2022 Morbeck

Artificial Intelligence in Embryology and ART

While developments in AI, machine learning and automation were covered extensively at this meeting, a direct debate concluded that there is still a long way to go before machine learning algorithms live up to expectations, and that more scientific, ethical and practical research is needed on AI.

This conference debate on artificial intelligence in the lab reached a consensus – that while there are benefits in the application of AI in ART, there is still insufficient evidence to support its widespread use.

The first to speak was Dean Morbeck, Chief Scientific Officer of Kindbody, US, who argued for machine learning and AI-guided decision making on the basis that it improves embryology and fertility treatment. He outlined key benefits such as improved and standardized embryo classification, more efficient and accurate data entry, a better ‘patient experience’, greater lab efficiency and automated quality control.

The human brain, he said, couldn’t possibly handle everything involved in developing embryos. Even when assessing the likelihood of implantation, embryologists are dealing with myriad variables and “the brain has no way of doing this.”

Properly arranging embryos is the most important decision an embryologist will make, Morbeck said, but humans don’t have the ability to be objective when judging and have “inherent subjectivity”; this is also an issue that affects decisions about whether or not to freeze blastocysts or biopsy them. The staff may be overworked, making decisions only because it’s a weekend, or just tired.

This, then, is one area where AI could help increase the chance of live births, Morbeck argued. Clinics fail more than they succeed in IVF, clearly demonstrated by SART data in which 14% of cycles produce no embryos and 62% no live births.

Patients who have not been successfully treated leave with ‘nothing to prove’. To improve the situation, Morbeck explained that machine learning tools could standardize the “minimum usable threshold” applied to reduce the rejection of viable but low-grade embryos. AI could learn how embryos develop and then use that information to select the best embryo.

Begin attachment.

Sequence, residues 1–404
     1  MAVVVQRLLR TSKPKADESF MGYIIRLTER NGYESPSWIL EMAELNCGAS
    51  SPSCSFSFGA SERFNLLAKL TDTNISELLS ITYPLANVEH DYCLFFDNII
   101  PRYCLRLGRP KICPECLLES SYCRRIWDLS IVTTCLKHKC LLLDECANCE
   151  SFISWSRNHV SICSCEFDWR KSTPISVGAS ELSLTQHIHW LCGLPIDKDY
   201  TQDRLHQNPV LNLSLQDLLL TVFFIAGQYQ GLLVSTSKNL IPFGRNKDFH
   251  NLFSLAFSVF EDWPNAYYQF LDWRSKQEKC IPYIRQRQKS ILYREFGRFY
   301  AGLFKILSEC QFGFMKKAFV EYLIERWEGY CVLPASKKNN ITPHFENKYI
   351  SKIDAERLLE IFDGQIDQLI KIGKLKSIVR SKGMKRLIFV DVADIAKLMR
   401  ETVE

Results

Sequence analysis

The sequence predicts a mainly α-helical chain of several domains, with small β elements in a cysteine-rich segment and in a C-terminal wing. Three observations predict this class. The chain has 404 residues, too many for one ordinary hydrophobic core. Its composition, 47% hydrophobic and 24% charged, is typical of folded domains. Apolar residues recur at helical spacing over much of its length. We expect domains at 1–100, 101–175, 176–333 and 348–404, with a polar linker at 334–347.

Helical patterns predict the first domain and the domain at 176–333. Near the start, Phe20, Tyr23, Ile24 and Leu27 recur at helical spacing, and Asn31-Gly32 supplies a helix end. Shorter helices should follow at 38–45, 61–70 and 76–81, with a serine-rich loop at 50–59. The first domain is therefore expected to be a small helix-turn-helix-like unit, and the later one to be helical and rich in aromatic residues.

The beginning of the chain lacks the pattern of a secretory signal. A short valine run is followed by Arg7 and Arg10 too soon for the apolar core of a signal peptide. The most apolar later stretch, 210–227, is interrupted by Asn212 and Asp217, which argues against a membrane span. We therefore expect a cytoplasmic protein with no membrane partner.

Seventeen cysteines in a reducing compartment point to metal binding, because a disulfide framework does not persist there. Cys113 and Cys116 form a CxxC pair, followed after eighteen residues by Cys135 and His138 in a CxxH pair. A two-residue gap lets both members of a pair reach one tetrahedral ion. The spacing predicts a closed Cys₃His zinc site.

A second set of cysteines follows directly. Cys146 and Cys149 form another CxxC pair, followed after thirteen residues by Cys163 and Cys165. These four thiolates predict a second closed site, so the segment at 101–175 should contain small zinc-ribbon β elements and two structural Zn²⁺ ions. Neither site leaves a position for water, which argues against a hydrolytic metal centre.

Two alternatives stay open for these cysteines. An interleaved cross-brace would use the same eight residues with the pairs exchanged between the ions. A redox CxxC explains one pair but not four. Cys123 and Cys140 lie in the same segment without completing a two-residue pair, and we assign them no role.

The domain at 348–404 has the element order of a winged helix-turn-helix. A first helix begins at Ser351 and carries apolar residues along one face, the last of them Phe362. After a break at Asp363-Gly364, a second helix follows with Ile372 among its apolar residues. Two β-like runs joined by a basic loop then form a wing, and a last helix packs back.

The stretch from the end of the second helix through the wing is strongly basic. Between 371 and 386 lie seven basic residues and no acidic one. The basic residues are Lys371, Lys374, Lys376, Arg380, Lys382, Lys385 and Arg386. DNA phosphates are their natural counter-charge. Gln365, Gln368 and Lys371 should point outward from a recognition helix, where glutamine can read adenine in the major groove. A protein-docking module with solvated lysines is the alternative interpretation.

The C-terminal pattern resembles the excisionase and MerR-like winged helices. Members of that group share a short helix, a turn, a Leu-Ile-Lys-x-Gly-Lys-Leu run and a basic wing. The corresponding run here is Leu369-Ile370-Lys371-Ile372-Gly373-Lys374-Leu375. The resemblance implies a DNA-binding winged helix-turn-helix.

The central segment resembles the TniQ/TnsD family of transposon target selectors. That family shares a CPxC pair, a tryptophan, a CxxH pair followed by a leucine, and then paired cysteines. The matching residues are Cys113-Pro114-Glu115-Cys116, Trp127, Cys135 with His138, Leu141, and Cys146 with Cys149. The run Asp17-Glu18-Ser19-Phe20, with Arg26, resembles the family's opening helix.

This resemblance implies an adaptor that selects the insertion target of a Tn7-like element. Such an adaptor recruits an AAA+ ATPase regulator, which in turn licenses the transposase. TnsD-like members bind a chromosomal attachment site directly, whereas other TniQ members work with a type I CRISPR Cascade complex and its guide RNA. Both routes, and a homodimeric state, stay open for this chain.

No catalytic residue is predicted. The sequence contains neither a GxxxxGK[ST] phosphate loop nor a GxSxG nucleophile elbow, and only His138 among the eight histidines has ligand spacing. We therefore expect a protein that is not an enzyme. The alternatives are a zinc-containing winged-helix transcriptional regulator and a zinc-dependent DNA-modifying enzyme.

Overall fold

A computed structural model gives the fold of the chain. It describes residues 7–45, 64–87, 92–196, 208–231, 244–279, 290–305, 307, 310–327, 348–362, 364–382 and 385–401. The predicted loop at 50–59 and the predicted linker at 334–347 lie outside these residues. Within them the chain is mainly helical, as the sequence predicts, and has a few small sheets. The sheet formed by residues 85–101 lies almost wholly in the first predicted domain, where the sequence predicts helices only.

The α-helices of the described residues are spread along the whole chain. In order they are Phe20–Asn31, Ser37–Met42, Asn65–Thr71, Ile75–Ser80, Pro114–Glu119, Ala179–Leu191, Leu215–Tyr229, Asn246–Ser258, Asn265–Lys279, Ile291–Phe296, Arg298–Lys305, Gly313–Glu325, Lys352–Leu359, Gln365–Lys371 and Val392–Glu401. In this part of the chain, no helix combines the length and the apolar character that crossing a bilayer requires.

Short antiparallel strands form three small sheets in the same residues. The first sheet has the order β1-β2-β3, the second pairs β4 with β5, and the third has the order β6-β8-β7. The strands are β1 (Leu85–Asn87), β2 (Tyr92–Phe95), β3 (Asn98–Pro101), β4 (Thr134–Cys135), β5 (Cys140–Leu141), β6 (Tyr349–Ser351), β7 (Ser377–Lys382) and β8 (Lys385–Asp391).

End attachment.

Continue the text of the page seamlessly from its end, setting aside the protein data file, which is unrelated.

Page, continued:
The case against AI was brought by Peter Tennant, associate professor of health data science at the University of Leeds, UK. His argument was that much of the hype around what AI can do is based on ‘overpromise’ and that the technology still has a long way to go to prove its worth in embryology and ART. To illustrate, he said Google’s medical AI — such as its algorithm to detect diabetic retinopathy — has proven accurate in the lab, but not in real life.

Specifically in embryology, Tennant outlined the promise and problems of AI. Some of the benefits include improvement and automation (e.g. follicles counting), prediction and classification (e.g. live births), smarter and more personalized care, and targeted treatment regimens. However, the problems are significant: machine learning is developed in small and specialized samples and contexts, performance is variable, and external validation is lacking. AI-based tools also rarely focus on a really interesting outcome, Tennant said. The few studies that have focused on live birth outcomes have shown that AI performs poorly.

While it may seem like a good prediction and prediction tool, AI has significant limits, including a lack of common understanding: Algorithms only see patterns in data and so can be fooled by a doctor’s purple pen mark on a cancer biopsy slide. Tennant said this could happen in AI analysis of blastocyst images — an algorithm can “see patterns that we don’t want to pick up.”

In response to a question from the public, Tennant acknowledged that humans make mistakes too, but emphasized that a skeptical approach is needed around AI until the technology is fully understood, ending the session by saying it’s not a matter of fear. for intelligent machines , but from stupid ones.

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